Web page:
This week I posted a video of a starving bear. It was difficult to film, and even harder to watch, as evidenced by the reactions it elicited. The truth is hard, but photojournalism is more than pretty pictures. It can be a difficult job. Journalism exposes—raw and without bias—the world’s issues in the interest of transparency, honesty and, I believe, change for the better. At @Sea_Legacy, we want to break down the walls of apathy and move people to change. We went to the Canadian Arctic to document the effects of climate change. We found the good, the bad and the ugly, but mostly just beautiful animals and landscapes we want to protect. We will continue to share it all with you in the interest of creating positive and lasting change.
      Thank you for helping us in #TurningTheTide. @Sea_Legacy with @CristinaMittermeier.
      Tap on Video Link mp4 _______Enjoy!
       Thank Jehovah for the Polar Bears! 
      FD063EDE-BBBB-4EB1-AD27-C12172448EEF.MP4

    • Guest Nicole
      By Guest Nicole
      Ice in the Arctic Ocean’s Chukchi Sea region. “What’s going on in the Arctic is really very impressive; this year was ridiculously off the chart,” said Gavin A. Schmidt, the head of NASA’s Goddard Institute for Space Studies. CreditEsther Horvath
      Marking another milestone for a changing planet, scientists reported on Wednesday that the Earth reached its highest temperature on record in 2016, trouncing a record set only a year earlier, which beat one set in 2014. It is the first time in the modern era of global warming data that temperatures have blown past the previous record three years in a row.
      The findings come two days before the inauguration of an American president who has called global warming a Chinese plot and vowed to roll back his predecessor’s efforts to cut emissions of heat-trapping gases.
      In reality, the Earth is heating up, a point long beyond serious scientific dispute, but one becoming more evident as the records keep falling. Temperatures are heading toward levels that many experts believe will pose a profound threat to both the natural world and to human civilization.
      In 2015 and 2016, the planetary warming was intensified by the weather pattern known as El Niño, in which the Pacific Ocean released a huge burst of energy and water vapor into the atmosphere. But the bigger factor in setting the records was the long-term trend of rising temperatures, which scientists say is being driven by increasing levels of carbon dioxide and other greenhouse gases.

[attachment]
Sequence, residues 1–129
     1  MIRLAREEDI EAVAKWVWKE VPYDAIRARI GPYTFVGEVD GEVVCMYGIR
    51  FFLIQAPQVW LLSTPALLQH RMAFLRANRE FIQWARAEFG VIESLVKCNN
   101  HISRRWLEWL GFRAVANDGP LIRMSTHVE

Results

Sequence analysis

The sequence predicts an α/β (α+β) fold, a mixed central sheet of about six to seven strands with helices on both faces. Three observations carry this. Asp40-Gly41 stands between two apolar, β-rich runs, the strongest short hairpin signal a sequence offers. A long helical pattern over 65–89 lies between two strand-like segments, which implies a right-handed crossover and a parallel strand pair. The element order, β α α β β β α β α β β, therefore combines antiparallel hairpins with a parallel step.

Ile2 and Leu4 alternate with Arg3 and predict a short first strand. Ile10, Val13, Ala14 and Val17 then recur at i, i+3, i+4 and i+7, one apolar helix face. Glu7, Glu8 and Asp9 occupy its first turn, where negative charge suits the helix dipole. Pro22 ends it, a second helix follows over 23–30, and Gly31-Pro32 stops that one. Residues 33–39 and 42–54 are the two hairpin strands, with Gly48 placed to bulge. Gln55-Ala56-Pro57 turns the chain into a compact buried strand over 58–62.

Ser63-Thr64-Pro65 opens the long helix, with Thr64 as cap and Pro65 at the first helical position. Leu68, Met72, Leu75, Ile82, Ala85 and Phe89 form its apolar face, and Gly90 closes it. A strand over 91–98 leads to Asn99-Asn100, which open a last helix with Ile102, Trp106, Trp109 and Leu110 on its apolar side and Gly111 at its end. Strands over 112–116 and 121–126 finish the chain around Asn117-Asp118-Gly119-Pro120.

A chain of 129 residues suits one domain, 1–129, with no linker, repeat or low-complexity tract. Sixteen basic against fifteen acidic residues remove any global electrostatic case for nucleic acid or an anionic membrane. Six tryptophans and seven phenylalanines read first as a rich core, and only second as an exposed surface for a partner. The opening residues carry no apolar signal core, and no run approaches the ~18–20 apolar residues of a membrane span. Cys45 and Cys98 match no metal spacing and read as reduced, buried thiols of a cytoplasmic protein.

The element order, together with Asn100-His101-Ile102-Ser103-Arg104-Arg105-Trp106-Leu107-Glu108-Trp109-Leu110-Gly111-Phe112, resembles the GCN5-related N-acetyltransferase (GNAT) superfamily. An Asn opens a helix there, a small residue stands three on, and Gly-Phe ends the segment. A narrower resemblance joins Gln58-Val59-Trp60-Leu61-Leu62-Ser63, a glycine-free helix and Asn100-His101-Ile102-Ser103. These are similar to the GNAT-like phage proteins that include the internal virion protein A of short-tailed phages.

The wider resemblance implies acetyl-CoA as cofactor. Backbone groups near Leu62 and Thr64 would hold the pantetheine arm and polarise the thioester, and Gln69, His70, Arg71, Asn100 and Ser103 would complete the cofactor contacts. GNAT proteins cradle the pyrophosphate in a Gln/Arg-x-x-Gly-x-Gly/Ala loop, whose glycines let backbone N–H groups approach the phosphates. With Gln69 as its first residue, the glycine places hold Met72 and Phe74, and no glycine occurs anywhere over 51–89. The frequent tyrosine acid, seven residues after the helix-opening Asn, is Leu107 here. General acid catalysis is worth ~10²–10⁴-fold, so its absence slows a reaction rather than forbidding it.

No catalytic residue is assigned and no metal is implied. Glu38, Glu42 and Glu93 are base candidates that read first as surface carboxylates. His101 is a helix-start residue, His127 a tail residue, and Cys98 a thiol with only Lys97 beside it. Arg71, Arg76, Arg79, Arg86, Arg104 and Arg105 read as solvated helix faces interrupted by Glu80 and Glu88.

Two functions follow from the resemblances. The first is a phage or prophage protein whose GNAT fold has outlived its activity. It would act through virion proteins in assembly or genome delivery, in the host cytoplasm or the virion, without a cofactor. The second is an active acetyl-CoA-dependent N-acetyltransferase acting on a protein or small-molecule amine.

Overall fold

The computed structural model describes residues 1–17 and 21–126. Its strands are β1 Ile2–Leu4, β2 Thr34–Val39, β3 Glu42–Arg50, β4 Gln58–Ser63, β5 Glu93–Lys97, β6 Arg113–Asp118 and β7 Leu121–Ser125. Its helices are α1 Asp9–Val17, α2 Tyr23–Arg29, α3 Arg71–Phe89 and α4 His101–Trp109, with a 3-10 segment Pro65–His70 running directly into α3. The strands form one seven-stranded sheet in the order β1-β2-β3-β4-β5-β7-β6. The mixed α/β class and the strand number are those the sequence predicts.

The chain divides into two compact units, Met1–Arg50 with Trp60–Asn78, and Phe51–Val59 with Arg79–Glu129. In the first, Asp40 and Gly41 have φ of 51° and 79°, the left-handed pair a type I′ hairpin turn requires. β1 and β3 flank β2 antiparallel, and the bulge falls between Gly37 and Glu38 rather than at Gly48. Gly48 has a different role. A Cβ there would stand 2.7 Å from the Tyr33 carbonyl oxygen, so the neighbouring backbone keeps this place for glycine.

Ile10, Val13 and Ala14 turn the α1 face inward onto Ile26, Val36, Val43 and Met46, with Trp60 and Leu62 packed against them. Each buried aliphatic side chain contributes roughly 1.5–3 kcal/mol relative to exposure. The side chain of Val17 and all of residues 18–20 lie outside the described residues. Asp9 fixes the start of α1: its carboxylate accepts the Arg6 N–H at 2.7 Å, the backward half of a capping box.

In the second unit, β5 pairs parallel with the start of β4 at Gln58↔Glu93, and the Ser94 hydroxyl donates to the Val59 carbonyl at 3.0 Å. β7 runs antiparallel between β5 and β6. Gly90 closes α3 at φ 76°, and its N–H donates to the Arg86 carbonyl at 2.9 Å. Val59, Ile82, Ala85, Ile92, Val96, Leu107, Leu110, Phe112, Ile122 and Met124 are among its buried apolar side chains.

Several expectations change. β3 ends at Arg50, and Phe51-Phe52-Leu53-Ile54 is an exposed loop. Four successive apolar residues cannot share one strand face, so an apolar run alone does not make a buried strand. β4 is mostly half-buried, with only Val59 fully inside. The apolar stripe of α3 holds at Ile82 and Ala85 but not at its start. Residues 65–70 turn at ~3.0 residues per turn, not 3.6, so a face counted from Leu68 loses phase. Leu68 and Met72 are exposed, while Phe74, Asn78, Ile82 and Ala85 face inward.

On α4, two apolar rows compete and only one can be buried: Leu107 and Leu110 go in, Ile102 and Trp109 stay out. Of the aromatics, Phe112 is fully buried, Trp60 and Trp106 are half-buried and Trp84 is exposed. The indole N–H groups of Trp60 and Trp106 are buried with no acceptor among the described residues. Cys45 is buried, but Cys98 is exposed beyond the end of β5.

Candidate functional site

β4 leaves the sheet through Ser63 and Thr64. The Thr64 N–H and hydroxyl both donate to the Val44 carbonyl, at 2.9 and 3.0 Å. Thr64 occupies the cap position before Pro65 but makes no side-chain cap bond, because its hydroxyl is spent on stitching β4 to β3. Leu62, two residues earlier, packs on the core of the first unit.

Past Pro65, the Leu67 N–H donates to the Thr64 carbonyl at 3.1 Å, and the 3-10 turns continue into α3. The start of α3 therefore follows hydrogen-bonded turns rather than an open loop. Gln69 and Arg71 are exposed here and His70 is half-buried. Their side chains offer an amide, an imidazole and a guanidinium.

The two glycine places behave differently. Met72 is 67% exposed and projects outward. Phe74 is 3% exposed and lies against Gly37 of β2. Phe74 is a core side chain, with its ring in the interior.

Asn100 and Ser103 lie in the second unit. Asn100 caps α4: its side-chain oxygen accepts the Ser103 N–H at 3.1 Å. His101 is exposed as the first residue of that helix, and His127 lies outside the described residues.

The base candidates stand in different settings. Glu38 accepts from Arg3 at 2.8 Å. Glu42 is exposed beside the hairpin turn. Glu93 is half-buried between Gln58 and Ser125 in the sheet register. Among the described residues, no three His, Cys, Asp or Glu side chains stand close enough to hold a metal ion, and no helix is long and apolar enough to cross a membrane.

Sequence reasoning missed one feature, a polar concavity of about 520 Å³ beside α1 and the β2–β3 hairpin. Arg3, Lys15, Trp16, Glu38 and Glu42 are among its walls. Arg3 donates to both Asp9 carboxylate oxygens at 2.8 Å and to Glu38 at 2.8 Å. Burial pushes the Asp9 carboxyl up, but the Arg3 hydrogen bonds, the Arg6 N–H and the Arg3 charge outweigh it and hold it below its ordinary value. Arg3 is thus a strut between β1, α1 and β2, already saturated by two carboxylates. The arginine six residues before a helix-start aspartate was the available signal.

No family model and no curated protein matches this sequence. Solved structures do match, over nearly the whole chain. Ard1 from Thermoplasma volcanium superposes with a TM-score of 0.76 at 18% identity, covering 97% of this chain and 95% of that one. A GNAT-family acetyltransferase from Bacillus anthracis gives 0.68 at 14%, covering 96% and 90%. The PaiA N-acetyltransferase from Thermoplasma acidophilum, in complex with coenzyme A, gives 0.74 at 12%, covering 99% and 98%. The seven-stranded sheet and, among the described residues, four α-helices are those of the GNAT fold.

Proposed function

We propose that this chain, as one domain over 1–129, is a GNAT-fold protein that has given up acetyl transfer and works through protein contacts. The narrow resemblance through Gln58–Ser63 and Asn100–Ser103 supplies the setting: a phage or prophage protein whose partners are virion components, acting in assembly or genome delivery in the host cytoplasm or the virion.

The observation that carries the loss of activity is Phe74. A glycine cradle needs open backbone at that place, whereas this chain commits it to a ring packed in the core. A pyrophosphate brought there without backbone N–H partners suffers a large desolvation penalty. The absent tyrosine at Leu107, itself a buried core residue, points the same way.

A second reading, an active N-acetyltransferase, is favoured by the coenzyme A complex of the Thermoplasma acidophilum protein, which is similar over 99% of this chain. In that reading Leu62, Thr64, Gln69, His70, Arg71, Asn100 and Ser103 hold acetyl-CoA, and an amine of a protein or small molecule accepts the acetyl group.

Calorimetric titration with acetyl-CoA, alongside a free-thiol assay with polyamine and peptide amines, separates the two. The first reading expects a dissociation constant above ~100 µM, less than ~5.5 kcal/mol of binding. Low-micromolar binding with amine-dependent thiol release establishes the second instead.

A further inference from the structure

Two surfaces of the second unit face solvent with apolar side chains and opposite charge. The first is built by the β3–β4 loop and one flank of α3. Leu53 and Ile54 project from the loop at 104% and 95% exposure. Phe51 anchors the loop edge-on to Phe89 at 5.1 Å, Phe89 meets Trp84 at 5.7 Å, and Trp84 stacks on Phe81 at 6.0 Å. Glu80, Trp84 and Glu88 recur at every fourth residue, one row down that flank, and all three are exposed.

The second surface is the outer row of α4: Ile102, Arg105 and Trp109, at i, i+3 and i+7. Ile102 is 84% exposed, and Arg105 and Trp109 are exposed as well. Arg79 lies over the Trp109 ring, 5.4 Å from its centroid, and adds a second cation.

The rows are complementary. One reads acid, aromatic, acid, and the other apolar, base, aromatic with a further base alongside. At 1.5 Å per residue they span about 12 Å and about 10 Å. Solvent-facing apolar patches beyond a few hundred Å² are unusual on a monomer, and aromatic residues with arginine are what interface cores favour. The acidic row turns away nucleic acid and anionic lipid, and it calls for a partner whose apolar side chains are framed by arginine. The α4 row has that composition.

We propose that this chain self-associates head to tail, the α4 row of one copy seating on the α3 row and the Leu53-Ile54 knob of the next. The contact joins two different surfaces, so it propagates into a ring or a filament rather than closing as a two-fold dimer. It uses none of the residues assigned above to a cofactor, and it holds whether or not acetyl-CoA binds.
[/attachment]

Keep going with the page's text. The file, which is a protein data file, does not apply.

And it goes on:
Continue reading here
    • Guest Nicole
      By Guest Nicole
      In the starkest sign yet of declining fortunes in the coal industry, St. Louis-based Peabody Energy, the largest and most storied U.S. coal company, announced early Wednesday that it was filing for Chapter 11 bankruptcy.
      The company cited an “unprecedented industry downturn,” which it attributed to a range of factors including an economic slowdown in China, low coal prices and “overproduction of domestic shale gas.” In the United States, cheap natural gas, driven by the shale-gas boom, has been steadily eating into coal’s share of electricity generation.
      But Peabody was also weighed down by debt from its poorly timed $5.2 billion acquisition of Macarthur Coal of Australia in 2011, near the peak for coal prices there as Peabody underestimated rival coal supplies and overestimated the growth of Chinese coal consumption. “The debt-laden capital structure became unsustainable as cash flows worsened and access to capital markets evaporated,” Fitch Ratings said Wednesday.
      Peabody said that its mines would continue operating and that its operations in Australia were not included in the Chapter 11 filing. The company also said it expected its shares to halt trading on the New York Stock Exchange.
      In a statement, the firm’s president and chief executive, Glenn Kellow, said: “This was a difficult decision, but it is the right path forward for Peabody. We begin today to build a highly successful global leader for tomorrow.”
      Shares of Peabody, whose stock trades under the symbol BTU — which is also a basic unit of energy, the British thermal unit — closed Tuesday at $ 2.06, leaving the company’s market capitalization at a measly $38 million. Shares have plunged more than 99 percent from their 2008 peak and from where they stood just five years ago. Dividend payouts to shareholders were halted in July 2015.
       
      The firm dates to the 1880s. As a Peabody historical retrospective noted, Francis Peabody, its founder, began selling coal from the back of a mule-drawn wagon in Chicago in 1883. He opened Peabody’s first mine a few years later.
      The company survived the Great Depression and notes that its coal fueled not only U.S. life in World Wars I and II but a historic Antarctic exploration by Richard Byrd in 1939. It was listed on the New York Stock Exchange in 1949 and became the world’s largest publicly held coal company amid the oil embargo of the 1970s.
      Source: https://www.washingtonpost.com/news/energy-environment/wp/2016/04/13/coal-titan-peabody-energy-files-for-bankruptcy/